No More Waiting for Annika

By Golf Channel NewsroomMay 22, 2003, 4:00 pm
FORT WORTH, Texas (AP) -- Annika Sorenstam became the first woman in 58 years to play on the PGA Tour when she teed off at the Colonial this morning, hitting an opening drive 243 yards in the fairway.
After years of dreaming and three months of hype, the wait finally ended for Sorenstam as she parred the first hole.
A crowd of media and fans were stacked 10-12 deep around the No. 10 tee, and the fairway on the 404-yard hole was lined with spectators -- many of them women wearing 'Go Annika' buttons.
Sorenstam, the No. 1 female player in the world, started with PGA Tour rookies Dean Wilson and Aaron Barber. Hitting a 3-wood, she outdrove Wilson and Barber, though both hit their first shots with irons. Sorenstam then slumped in mock relief and laughed before walking down the fairway.
After hitting a 9-iron from 143 yards to just more than 15 feet, Sorenstam two-putted for a par.
When she started the short walk from the clubhouse to the No. 10 tee, the crowd broke into applause. After being introduced, Sorenstam acknowledged the cheering crowd with waves to both sides of the tee before hitting her drive.
Like everybody else, Sorenstam was ready to find out how she scores and how she copes with all the attention of being the first woman since Babe Zaharias in 1945 to play on the tour.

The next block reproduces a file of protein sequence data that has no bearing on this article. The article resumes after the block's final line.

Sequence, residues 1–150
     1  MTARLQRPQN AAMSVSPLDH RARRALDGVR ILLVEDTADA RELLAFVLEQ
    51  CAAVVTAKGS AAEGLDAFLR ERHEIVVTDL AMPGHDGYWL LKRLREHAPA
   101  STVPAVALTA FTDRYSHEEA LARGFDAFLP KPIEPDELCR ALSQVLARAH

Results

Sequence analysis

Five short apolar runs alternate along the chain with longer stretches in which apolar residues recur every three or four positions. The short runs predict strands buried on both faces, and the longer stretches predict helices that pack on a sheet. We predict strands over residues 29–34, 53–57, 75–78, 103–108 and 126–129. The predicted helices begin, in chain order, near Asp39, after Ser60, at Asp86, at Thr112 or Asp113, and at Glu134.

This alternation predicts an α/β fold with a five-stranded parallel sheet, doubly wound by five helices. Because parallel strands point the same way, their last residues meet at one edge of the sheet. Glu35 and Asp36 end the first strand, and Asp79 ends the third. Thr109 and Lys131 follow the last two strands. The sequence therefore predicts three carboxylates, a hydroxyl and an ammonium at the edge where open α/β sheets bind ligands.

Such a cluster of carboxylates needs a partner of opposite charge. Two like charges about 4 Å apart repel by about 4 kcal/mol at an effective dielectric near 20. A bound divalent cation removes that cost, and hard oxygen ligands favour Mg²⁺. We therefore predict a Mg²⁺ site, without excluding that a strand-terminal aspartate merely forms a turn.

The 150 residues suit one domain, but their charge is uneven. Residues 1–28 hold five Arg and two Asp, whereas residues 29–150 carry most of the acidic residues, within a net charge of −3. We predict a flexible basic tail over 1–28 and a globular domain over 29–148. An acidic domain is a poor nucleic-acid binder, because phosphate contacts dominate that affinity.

'I can't prepare any more,' Sorenstam said Wednesday after her final practice round. 'I've been waiting for this day for a long time. I've been practicing a lot the last few months and I want the day to come. It's here. So whatever happens, happens.'
Las Vegas oddsmakers gave Sorenstam a 500-1 chance of winning, and they were being generous.
Sorenstam's final practice round on the par-70 course ended on the 11th fairway Wednesday when the pro-am was called because of steady rain. She was at least 1 over par, having picked up her ball on a couple of holes.
The 7,080-yard Colonial layout is a longer, tougher course than any she has played in competition. The LPGA's Corning Classic in New York this week is at 6,062-yard course being played as a par 72.
But rain the previous two days might have provided a break, making the normally crusty and firm Colonial greens more forgiving, allowing Sorenstam to aim at the flag with long irons and her 7-wood.
'The course is obviously playing much longer, so the only good news is the greens are softer so I can fire more at the flag,' she said. 'I'm going to hit a few longer clubs than I expected. But luckily, I've got them in my bag, so we'll see what happens.'
Sorenstam is under more scrutiny than any player since Tiger Woods made his pro debut in the 1996 Greater Milwaukee Open.
And for the first time in years, Sorenstam started a tournament she is not expecting to win. The 32-year-old Swede said she would be 'so pleased' to shoot par.
Sorenstam isn't trying to prove she can beat the boys. She isn't suggesting that the LPGA Tour, where she has won 43 times -- she also has won four majors -- is no longer a challenge.
What a sponsor's exemption in the Bank of America Colonial is allowing her to do is find out how her game stacks up against the best in the world. She said a week on the PGA Tour will satisfy her curiosity.
'I'm sure she's feeling a lot of pressure, but she's putting it on herself wanting to perform well,' said David Toms, who tied for second last year. 'She's won big tournaments, won a lot of tournaments, and she obviously handles the pressure very well. It will be interesting to see what happens.'